18 April 1864: “We can buy peas and other things of that sort from the sutler and in that way make out very well.”

Item description: Letter, dated 18 April 1864, from James Augustus Graham to his mother.  He describes camp life around Orange Court House, Virginia, specifically the availability of food and the frequency of packages deliveries.

[transcription available below images]

18640418_001 18640418_002

Item citation: From folder 3 in the James A. Graham Papers, #283, Southern Historical Collection, the Wilson Library, University of North Carolina at Chapel Hill.

Item transcription:

Camp 27th N.C. Infy.

April 18th 1864

My dear Mother,
I received your very welcome letter of 7th inst last Friday. I expected a box by Walter Thompson; but when it did not come, I con-cluded that you did not know the time of his starting or you would have sent it and made myself contented.  We get along pretty well now with regard to something to eat, about as well as we did when we were allowed to purchase from the commissary, for we draw sugar, coffee, and molasses and we were not allowed to purchase them.  We are allowed 4 cooks to each company and I draw rations for Alex as one of these cooks.  We draw now meal, bacon, coffee, sugar, and molasses and get a plenty of all except meat. We get only 1/4 lb of meat per day, but I expect will get more in a short while. We can buy peas and other things of that sort from the sutler and in that way make out very well.  You wished to know if it was true that Thompson lost a good many of his boxes when he came up in February.  I do not know as I was at home at that time.  He lost none this time and only one when he came at Christmas.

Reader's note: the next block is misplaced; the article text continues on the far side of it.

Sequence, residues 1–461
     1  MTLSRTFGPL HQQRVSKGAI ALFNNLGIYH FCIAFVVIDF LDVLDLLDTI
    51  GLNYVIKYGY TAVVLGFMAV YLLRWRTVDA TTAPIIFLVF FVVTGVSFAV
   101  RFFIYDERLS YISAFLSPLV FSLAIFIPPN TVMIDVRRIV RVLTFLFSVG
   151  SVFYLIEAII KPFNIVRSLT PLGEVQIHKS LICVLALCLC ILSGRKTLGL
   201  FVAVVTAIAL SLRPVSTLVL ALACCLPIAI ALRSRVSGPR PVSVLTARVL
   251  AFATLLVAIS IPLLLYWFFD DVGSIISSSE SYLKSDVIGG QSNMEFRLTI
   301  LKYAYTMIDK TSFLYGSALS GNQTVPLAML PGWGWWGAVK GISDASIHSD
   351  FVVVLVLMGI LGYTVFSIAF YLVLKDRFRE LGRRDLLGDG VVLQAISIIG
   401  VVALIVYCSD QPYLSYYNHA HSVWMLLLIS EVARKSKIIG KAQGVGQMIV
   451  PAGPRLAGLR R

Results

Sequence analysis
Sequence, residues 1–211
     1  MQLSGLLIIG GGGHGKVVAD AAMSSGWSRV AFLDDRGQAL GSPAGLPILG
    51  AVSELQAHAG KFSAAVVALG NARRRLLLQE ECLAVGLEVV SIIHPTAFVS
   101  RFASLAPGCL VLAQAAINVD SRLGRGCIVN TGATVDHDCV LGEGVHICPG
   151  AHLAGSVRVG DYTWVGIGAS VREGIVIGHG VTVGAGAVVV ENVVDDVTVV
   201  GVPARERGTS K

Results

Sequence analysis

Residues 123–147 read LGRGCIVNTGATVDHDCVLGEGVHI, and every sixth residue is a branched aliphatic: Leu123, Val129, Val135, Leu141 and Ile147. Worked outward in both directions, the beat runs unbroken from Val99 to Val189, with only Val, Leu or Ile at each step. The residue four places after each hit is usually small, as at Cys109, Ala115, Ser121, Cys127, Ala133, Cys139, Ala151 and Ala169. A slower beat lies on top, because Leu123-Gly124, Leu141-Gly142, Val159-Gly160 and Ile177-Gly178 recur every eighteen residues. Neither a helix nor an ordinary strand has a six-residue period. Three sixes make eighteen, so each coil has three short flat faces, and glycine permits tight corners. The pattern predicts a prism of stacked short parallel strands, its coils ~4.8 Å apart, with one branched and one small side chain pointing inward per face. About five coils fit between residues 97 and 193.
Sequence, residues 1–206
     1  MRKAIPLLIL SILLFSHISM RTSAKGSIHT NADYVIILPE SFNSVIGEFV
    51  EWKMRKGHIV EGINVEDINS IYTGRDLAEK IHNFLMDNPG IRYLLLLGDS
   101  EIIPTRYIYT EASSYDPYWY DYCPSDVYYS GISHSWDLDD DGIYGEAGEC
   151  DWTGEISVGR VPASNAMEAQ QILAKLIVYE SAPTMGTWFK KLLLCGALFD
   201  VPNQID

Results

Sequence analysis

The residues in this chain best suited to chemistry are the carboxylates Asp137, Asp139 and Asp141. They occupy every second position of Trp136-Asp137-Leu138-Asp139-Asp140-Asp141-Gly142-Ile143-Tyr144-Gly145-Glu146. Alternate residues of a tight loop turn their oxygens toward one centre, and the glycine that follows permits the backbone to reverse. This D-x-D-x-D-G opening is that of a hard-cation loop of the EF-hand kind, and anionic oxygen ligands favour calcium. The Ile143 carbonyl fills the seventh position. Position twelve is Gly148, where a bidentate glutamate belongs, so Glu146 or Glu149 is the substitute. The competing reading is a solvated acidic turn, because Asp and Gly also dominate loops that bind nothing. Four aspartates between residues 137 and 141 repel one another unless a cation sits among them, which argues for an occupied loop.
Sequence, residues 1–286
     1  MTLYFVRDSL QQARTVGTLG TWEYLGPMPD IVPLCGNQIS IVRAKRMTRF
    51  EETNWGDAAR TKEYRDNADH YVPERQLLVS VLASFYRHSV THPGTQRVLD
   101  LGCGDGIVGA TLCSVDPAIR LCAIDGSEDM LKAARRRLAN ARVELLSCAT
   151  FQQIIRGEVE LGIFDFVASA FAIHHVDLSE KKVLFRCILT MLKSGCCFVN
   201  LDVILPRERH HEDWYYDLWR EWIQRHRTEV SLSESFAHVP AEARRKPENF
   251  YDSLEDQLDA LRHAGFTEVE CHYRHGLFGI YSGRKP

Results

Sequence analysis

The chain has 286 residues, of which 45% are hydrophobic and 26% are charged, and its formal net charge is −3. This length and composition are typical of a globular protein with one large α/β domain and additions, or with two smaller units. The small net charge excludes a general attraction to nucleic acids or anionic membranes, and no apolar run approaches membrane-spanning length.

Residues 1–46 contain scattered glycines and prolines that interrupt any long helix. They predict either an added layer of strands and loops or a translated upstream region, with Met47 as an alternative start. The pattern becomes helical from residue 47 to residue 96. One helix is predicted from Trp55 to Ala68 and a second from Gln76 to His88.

I understood that Mr. Troy will start Jim Salisbury on the 28th and you might send me a small box by him. It would not do to send much for we may be on the march by that time. A ham, a little hominy etc. would suit very nice.

I wish you would send my shoes by Tom Whitted.  He will start about the 27th or 28th.  Also please send one 1/2 doz white collars as I will need some white collars wen I get the position on Gen. Cooke’s staff as Inspector.

I sent a coat and and pr of boots home in a box by Walter Thompson.

We still have preaching every night and a good many are being converted.  Twenty two have joined the Baptist church. They were baptized by Mr. Howerton Chaplain of the 15th North Carolina Regt yesterday evening.

I must close as Webb is waiting for my letter.  Love to all

Write soon to

Your affectionate son

James A. Graham

This entry was posted in Southern Historical Collection and tagged , , , , , . Bookmark the permalink.

Comments are closed.